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A digit in a measurement that is either non-zero, a zero that is between two significant figures, or a zero at the end of the number and to the right of the decimal
The force applied to an object times the distance that the object travels parallel to that force
A description of the natural world that has been confirmed by an enormous amount of data
The process of using certain physical measurements to define the scale of a measuring device
Absolute temperature scale
The Kelvin temperature scale: It is not possible to reach or go below 0 Kelvin.
The amount of heat necessary to raise the temperature of 1 gram of a substance by 1 degree Celsius
An experimental process that measures the heat released or absorbed during a chemical or physical change
An experimental device that measures the heat released or absorbed during a chemical or physical change
Discontinuous theory of matter
The idea that substances are composed of tiny, individual particles like grains of sand
An element that tends to give up its electrons. Metals are found on the left side of the jagged line on the Periodic Table of Elements, with the exception of hydrogen.
An element that tends to take electrons from other elements. Non-metals are found on the right side of the jagged line on the Periodic Table of Elements. Hydrogen is also a non-metal, even though it is on the left side of the jagged line.
The Law of Multiple Proportions
If two elements combine to form different compounds, the ratio of masses of the second element that react with a fixed mass of the first element will be a simple, whole-number ratio.
A mixture with a composition that is different depending on what part of the sample you are observing
A mixture with a composition that is always the same no matter what part of the sample you are observing
The process by which a substance changes from one phase (solid, liquid, or gas) to another phase (solid, liquid, or gas)
Kinetic Theory of Matter
The theory that the atoms or molecules which make up a substance are in constant motion, and the higher the temperature, the greater their speed
A process by which one or more substances change into one or more different substances
The process by which a solid turns directly into a gas, without going through the liquid phase
Complete combustion reaction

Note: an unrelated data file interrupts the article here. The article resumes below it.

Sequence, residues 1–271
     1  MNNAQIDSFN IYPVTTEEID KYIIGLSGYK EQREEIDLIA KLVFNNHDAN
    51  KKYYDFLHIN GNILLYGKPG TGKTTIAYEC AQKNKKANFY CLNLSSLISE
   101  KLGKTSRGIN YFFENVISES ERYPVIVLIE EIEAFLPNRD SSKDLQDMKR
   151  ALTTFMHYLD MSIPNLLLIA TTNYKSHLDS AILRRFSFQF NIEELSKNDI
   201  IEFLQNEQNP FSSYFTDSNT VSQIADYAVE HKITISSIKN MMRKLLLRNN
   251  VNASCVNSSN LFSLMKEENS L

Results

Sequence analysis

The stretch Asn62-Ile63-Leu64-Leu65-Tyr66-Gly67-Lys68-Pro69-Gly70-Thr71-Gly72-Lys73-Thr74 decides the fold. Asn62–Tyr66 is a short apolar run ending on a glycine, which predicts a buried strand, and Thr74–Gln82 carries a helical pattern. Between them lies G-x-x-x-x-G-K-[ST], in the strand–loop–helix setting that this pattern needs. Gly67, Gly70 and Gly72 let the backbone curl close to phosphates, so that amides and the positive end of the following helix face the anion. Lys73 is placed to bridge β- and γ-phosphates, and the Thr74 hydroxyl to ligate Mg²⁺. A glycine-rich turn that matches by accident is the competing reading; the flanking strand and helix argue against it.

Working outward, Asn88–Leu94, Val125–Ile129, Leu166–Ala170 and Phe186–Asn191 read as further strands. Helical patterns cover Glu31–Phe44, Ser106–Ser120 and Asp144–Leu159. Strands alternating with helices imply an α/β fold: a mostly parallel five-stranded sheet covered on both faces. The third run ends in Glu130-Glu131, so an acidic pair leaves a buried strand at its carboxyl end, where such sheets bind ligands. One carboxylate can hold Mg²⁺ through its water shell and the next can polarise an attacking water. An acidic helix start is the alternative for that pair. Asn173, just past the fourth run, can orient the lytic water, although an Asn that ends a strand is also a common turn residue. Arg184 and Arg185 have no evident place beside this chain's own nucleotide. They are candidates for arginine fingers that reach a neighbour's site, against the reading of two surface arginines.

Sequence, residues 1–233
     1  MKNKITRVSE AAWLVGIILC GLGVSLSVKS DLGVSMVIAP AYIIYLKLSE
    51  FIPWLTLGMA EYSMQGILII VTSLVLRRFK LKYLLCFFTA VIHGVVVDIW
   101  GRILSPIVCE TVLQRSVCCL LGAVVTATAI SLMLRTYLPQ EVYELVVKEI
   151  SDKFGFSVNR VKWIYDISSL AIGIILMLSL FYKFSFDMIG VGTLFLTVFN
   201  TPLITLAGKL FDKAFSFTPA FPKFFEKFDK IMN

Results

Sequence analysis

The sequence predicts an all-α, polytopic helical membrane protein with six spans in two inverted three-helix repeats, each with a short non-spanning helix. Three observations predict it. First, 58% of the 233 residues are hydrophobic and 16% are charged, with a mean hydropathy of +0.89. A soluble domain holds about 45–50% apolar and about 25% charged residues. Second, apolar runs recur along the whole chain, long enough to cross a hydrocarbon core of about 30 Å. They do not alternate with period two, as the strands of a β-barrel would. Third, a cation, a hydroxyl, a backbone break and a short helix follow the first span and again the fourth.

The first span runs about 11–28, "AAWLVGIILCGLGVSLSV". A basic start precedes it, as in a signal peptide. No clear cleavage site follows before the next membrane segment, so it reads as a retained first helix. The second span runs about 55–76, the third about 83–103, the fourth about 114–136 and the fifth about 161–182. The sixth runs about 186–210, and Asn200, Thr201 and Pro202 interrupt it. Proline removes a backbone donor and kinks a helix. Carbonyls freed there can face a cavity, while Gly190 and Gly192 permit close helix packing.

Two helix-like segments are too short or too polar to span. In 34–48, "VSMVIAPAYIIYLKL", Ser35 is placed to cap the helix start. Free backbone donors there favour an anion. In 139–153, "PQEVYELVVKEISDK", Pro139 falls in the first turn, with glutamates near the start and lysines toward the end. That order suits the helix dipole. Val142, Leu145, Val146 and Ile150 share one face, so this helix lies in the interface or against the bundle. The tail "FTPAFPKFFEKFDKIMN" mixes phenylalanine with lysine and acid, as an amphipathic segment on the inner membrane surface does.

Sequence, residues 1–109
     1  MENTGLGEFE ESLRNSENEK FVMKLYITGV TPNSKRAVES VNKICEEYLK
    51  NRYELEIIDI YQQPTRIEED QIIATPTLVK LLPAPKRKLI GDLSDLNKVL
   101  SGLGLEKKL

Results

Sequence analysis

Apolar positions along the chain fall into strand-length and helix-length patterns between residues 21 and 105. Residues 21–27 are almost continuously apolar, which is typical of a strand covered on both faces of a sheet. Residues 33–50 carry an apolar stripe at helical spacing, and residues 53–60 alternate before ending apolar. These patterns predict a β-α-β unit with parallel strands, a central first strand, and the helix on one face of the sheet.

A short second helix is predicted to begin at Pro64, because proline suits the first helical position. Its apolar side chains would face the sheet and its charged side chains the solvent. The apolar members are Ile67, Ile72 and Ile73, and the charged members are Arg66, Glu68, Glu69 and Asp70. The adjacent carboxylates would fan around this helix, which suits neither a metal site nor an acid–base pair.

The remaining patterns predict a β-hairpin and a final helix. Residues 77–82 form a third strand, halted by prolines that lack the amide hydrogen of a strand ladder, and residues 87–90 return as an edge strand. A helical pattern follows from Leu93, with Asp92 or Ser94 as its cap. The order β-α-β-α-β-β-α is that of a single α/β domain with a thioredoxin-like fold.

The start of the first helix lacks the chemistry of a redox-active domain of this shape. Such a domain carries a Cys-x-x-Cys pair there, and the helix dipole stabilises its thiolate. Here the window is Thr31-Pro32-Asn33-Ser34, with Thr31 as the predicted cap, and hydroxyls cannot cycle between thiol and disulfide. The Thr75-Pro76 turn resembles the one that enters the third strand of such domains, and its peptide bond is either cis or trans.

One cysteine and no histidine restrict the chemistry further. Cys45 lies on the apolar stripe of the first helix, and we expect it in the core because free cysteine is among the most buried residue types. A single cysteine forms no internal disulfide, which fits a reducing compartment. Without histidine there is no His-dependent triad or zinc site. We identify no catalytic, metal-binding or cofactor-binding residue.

A reaction in which O2 is added to a compound containing carbon and hydrogen, producing CO2 and H2O
Incomplete combustion reaction
A reaction in which O2 is added to a compound containing carbon and hydrogen, producing either CO or C, along with H2O
A device on an automobile that converts gaseous carbon monoxide produced by the engine into gaseous carbon dioxide
The number on the periodic chart that is below an element's symbol. It represents the average mass of the atom's isotopes in atomic mass units.
The number on the periodic chart that is above an element's symbol. It represents the number of protons in the nucleus of the atom.
The process by which the amount of one substance in a chemical reaction is related to the amount of another substance in a chemical reaction
The reactant that runs out first in a chemical reaction. It determines the amount of products made.
The numbers that appear to the left of the chemical formulas in a chemical equation. They represent the number of moles of each substance.
The stoichiometric coefficients in a chemical equation relate the volumes of gases in the equation as well as the number of moles of substances in the equation.
A chemical formula that tells you a simple, whole-number ratio for the atoms in a molecule
An experimental apparatus developed by William Crookes. It consists of a glass tube filled with a small amount of gas. Electrodes in the tube allow for the passage of electricity through the gas.
One of the three particles that make up the atom. It is negatively charged and orbits the nucleus of the atom
One of the three particles that make up the atom. It is electrically neutral and is in the nucleus of the atom
One of the three particles that make up the atom. It is positively charged and is in nucleus of the atom
The process by which the abundance of one isotope in an element is increased. This is typically used in order to make the fuel for nuclear bombs.
Plum pudding model
A model that said the atom is made of a positive gel (the pudding) with negative particles (the plums) suspended in the gel
A model that said the atom is made of a dense, postively-charged nucleus with electrons orbiting the nucleus in circles
Particle/Wave Duality Theory
The theory that light sometimes behaves as a particle and sometimes behaves as a wave
Another term for light, including all wavelengths, both visible and not visible
The cells on the eye's retina that detect different energies of light. These cells are responsible for our ability to see colors.
The process by which individual wavelengths of light emitted by a substance are analyzed. This process can be used to identify the elements in a substance.
The assumption that a physical quantity (such as energy) cannot have any value, but is restricted to have only discrete values
Quantum mechanical model
The modern-day model of the atom in which electrons whirl around the nucleus in various paths called "orbitals."
A notation that lists the number of electrons that occupy each orbital in an atom
The electrons that exist farthest from an atom's nucleus. They are generally the electrons with the highest energy level number.
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